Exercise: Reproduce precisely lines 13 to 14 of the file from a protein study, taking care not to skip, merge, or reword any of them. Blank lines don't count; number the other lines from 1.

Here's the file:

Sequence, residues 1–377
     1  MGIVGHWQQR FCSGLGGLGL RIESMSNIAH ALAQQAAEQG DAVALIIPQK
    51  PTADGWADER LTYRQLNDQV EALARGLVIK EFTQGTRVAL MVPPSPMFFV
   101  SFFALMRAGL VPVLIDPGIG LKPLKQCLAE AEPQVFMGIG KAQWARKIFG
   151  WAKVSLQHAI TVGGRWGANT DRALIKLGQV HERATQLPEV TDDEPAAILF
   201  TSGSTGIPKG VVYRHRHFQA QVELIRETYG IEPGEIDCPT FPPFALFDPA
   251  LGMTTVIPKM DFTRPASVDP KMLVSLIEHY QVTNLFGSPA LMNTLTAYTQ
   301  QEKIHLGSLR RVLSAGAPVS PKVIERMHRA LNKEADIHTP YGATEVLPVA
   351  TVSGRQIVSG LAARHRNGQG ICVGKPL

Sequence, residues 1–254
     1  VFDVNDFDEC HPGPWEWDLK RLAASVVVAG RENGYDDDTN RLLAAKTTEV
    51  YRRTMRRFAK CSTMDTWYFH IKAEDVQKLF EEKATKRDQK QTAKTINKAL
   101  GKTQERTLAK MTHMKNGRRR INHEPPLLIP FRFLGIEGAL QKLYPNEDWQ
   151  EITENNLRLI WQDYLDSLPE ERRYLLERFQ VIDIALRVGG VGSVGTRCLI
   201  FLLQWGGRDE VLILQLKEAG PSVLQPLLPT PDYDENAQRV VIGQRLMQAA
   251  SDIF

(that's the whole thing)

   101  GKTQERTLAK MTHMKNGRRR INHEPPLLIP FRFLGIEGAL QKLYPNEDWQ
   151  EITENNLRLI WQDYLDSLPE ERRYLLERFQ VIDIALRVGG VGSVGTRCLI